This straightforward guide includes demonstrations covering 36 different varieties, each in a two-page spread. Some of them will probably be more familiar than others and I suspect that there’s been some internationalisation – my knowledge of plants being zero, I can’t confirm that, but the Baltimore Oriole (a bird) that crops up, does tend to confirm it.
The jacket proudly announces on the front that the demonstrations are “for all levels of artist from beginner up” and there’s certainly a sound introduction covering brushstrokes, foliage and composition that will help you get started. This being perhaps a less familiar technique, this will be useful to more people than many materials-and-techniques openers.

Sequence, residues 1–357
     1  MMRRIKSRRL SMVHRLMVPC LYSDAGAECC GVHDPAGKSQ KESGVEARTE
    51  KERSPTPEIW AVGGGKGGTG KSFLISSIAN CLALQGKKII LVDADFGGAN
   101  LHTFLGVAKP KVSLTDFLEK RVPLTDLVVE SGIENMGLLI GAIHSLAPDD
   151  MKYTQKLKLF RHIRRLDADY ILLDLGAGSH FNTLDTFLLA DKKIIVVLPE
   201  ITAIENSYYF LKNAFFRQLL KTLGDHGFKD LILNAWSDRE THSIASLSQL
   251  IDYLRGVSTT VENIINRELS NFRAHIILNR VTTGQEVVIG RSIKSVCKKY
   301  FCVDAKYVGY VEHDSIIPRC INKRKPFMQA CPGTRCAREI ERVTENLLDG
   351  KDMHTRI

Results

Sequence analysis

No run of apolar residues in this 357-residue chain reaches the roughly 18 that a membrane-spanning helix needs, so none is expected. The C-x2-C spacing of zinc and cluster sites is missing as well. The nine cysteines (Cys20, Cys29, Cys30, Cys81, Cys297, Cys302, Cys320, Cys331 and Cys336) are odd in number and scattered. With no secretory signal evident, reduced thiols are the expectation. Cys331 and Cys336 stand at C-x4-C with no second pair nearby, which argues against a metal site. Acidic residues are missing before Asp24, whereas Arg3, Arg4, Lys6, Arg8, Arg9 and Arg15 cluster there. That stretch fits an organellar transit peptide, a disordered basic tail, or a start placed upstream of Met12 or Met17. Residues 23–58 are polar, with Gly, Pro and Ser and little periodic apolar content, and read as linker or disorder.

The demonstrations, covering two pages, are necessarily short, but do include a fair amount of detail: not much is required as the Chinese technique is very loose and certainly doesn’t fall into the category of botanical illustration. I suspect that you’re going to find the whole thing much easier if you have some basic experience, though. I probably wouldn’t choose this as an introduction to flower painting.
All in all, this is a thorough and varied guide, nicely presented (and I do like the fact that the editors have resisted the temptation to put the flowers in alphabetical order!). It’s unlikely to disappoint.
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